Mowatt said the key to customer loyalty is the ability to make their job easier and make them appear smarter.

Smoke signals

The B.C. government said driver and public safety is a key focus with the impending legalization of cannabis.

Mike Farnworth, minister public safety and solicitor general for the B.C. government, said the trucking industry should be concerned about what he called the “biggest public policy change in Canada in decades,” which will have an impact on the transportation industry.

He said both his government and the industry share a focus on safety, highlighting changes to the provincial motor vehicle act creating a 90-day prohibition period when an enforcement officer has reasonable grounds to believe a driver is impaired by alcohol or drugs.

“We support the trucking industry as it relates to the proposed changes in legislation around cannabis,” said Farnworth.

During his address to BCTA conference attendees, Farnworth thanked carriers in the province that helped during last year’s devastating forest fire season, which burned 1.2 million hectares of land in the province.

“I can’t tell you how much that meant,” said Farnworth.

He also addressed mandatory entry-level driver training, saying the provincial government has asked the Insurance Corporation of B.C. to review the training process and recommend any improvements that are needed for the program.

Driver of the Year

Gordon Price, a driver with 32 years of experience behind the wheel, accident-free, was named the Volvo Trucks Canada Driver of the Year during the BCTA’s annual conference.

Price, who drives for DCT Chambers, was in the news not long ago for saving the life of a woman, Patricia Galloway, whom he found on the side of the road while hauling wood chips from Chemainus to Nanaimo, B.C.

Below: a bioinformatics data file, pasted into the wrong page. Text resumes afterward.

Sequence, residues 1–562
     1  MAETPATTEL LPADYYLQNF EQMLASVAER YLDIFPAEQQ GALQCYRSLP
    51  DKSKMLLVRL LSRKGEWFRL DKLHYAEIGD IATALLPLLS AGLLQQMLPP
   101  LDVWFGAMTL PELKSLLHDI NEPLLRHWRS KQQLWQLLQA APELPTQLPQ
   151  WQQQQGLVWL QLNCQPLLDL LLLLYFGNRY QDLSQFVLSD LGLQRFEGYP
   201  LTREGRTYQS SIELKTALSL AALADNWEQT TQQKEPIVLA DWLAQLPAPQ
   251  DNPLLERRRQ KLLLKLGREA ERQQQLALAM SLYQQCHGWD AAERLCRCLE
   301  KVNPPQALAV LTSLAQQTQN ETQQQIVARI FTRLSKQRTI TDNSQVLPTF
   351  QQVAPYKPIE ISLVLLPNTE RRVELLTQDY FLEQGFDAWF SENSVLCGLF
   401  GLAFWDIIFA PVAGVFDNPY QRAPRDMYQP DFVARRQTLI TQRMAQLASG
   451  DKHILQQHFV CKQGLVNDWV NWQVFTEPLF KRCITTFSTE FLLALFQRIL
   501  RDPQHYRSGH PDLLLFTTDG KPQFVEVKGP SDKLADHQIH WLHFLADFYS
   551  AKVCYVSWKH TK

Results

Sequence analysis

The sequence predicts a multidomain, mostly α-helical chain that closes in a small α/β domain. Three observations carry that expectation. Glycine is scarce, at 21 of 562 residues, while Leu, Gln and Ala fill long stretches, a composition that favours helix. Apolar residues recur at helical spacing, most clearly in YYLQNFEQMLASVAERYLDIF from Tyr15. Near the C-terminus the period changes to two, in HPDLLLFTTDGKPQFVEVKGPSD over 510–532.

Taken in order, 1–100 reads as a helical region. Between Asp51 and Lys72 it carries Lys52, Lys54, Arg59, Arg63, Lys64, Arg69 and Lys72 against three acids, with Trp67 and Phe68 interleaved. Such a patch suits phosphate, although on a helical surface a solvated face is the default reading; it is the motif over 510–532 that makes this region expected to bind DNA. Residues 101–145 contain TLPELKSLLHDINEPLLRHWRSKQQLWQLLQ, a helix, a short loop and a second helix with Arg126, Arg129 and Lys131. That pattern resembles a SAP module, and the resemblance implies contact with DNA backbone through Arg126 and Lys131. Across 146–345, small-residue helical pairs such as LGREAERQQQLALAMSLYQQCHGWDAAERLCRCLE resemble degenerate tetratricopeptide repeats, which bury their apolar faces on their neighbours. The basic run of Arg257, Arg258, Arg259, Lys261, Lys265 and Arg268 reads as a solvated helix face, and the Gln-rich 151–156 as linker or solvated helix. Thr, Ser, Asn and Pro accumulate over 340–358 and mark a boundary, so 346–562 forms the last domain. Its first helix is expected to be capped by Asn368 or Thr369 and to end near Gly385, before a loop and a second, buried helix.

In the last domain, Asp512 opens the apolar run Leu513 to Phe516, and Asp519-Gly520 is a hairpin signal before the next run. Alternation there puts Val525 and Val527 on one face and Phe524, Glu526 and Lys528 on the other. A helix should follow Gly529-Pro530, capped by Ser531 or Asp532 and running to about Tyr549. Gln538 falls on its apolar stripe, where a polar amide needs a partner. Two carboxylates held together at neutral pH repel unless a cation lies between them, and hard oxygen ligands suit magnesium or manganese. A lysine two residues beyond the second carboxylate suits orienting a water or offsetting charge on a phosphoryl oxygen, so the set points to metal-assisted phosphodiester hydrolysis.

Galloway’s last memory was stepping out of her house to look for her cat, and next thing she knew, she was waking up in an ambulance, thanks to the assistance of Price.

Volvo Trucks Canada Driver of the Year Morgan Price (left).


Derek Clouthier

Derek Clouthier

A university graduate with a degree in English, I have worked in the media industry as an editor, reporter and now as editor of Truck West. I have several years of management experience in journalism, as well as hospitality, but am first and foremost a writer, both professionally and in my personal life, having completed two fiction novels. derek@newcom.ca @DerekClouthier
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4 Comments » for B.C. trucking industry thriving, but desperately needs workers
  1. Tim says:

    There’s no driver shortage.
    There’s just a shortage of true professional drivers that are willing to waste their lives and health,working for slave wages and zero respect.
    Pay them and treat them like professionals and that’s what you’ll get.
    Pay for steering wheel holders…you get the picture.
    It’s really not that hard to figure out.

    • Stephen webster says:

      We pay 60 cents per mile plus with stop pay and $20,00 per hour demotion time one of drivers just left for a union job laying cable for $29.00 per hour plus 10% pension pay so $32.00 hour plus overtime. Some companies are still underbidding us on freight rates and paying less than 50 cents per mile. So there is no shortage of truck drivers just other jobs are paying better money than driving truck today STEPHEN 226 889 9299

  2. steve says:

    The pay levels do not reflect a shortage of O.T.R, truck drivers. They need to make at least $22.00 us per hour while in the U.S. plus medical insurance plus overtime after 10 hours per day off the E log. Many truck drivers are doing other jobs like construction or mining because better hours and pay.

  3. OCD says:

    I’ll echo the above statements. The compensation from the vast majority of carriers doesn’t fairly match the responsibility, time traded, or the adversities associated to the job. Until carriers fix this underlying problem they’ll have a career of rally about this apparent driver shortage problem. People are just going to keep coming and going until the standards become acceptable. The whole per mile (piece work) pay structure needs to be laid to rest, in favor of either hourly pay or day rates that fairly reflect the exchange. There’s too many variables beyond a driver’s control that dilute the pay of the current per mile pay model.